Ir I. L. van Eykeren
The research into this topic was initiated by the European FP7 project ADDSAFE: Advanced Fault Diagnosis for Sustainable Flight Guidance and Control. The ADDSAFE project aimed at overcoming the technological gap in aircraft Guidance, Navigation and Control (GNC) Fault Detection and Diagnosis (FDD). The state-of-practice of aircraft manufactures to provide FDD is to rely on hardware redundancy and coherency tests, completely in accordance with current aircraft certification processes and assuring the highest level of safety standards. However, these FDD solutions increase the aircraft weight and complexity and thus its manufacturing and maintenance costs. Moreover, its applicability is becoming increasingly problematic when used in conjunction with the many innovative solutions being developed by the aeronautical sector towards achieving the future sustainable (More Affordable, Safer, Cleaner and Quieter) aircraft.
This applicability gap has resulted in a de facto “fault diagnosis bottleneck”, a technological barrier constraining the full realization of the next generation of air transport due to the need to ensure the current highest levels of aircraft safety when implementing novel green and efficient technologies.
ADDSAFE addresses the fault detection and diagnosis challenges arising from this “fault diagnosis bottleneck”. The overall aim is to research and develop model-based FDD methods for aircraft flight control systems faults, predominantly sensor and actuator malfunctions. Highlighting the link between aircraft sustainability and FDD, it can be demonstrated for example that improving the fault diagnosis performance in flight control systems allows to optimize the aircraft structural design (resulting in weight saving), which in turn helps improve aircraft performance and to decrease its environmental footprint. The results will help achieve the European Vision 2020 challenges related to the “greening” of the aircraft, by supporting the application of already developed sustainable solutions, as well as to “safety”, by opening the door to develop new technologies to maintain the current highest aircraft safety levels regardless of the increase in air traffic. ADDSAFE will try to overcome the technological gap in aircraft G&C FDD by facing the following three challenges:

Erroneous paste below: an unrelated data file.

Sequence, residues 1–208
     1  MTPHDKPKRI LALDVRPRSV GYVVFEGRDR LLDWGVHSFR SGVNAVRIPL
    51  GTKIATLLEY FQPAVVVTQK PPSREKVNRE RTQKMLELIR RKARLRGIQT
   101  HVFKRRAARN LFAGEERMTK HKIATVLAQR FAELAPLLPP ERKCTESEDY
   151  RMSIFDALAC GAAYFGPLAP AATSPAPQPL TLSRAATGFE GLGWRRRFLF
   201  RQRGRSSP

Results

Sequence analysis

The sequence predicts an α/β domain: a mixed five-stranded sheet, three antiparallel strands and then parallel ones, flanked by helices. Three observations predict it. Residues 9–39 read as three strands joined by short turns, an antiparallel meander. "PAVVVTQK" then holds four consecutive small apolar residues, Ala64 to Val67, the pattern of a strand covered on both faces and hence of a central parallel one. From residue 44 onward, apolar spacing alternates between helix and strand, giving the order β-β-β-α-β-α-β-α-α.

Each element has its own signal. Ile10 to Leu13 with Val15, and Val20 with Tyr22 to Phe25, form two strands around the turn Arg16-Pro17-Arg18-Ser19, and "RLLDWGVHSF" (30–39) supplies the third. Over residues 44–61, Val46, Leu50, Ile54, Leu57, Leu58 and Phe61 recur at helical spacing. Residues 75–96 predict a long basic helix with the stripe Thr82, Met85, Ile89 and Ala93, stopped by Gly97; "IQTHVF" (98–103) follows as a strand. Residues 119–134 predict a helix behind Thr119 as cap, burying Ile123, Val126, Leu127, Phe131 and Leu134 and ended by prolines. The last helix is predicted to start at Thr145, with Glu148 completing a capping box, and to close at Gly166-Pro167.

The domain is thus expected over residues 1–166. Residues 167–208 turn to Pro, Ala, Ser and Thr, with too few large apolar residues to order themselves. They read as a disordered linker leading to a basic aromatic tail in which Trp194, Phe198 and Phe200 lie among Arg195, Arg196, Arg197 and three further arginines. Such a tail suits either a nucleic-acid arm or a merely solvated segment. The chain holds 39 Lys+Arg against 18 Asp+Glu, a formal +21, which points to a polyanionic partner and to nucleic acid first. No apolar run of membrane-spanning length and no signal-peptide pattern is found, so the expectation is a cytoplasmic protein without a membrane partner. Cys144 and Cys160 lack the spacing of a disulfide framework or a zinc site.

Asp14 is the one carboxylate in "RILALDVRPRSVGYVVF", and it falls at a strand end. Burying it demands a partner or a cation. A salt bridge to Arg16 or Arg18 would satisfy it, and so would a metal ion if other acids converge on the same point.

- Helping the scientific community to develop the best suited FDD methods capable of handling the real-world problems faced in the aircraft G&C diagnosis.
- Ensuring acceptance and widespread use of these advanced theoretical methods by the aircraft industry.
- Contribute towards reducing the aircraft development and maintenance costs by using model-based diagnostic systems in conjunction with reliable software verification & validation (V&V) tools.
The solution proposed in this research is a physical model-based approach to solving the FDD problems. The main idea is to use all available knowledge of the aircraft physical model to perform both the sensor and actuator FDD.
For the sensor FDD, the knowledge about the physical relations between the available measurements of the aircraft are exploited in addition the already available hardware redundancy. This approach has several advantages, as these relations are exactly known (reducing model inaccuracies) and the method becomes independent of actuator faults. Furthermore the effects of external disturbances such as atmospheric turbulences on the developed methods are investigated.
The actuator FDD is based on the knowledge available of the complete physical aircraft model. By estimating the control derivatives of the monitored control surfaces, and combining this information with available measurements detailed FDD can be obtained for the actuators of aircraft through an advanced decision logic.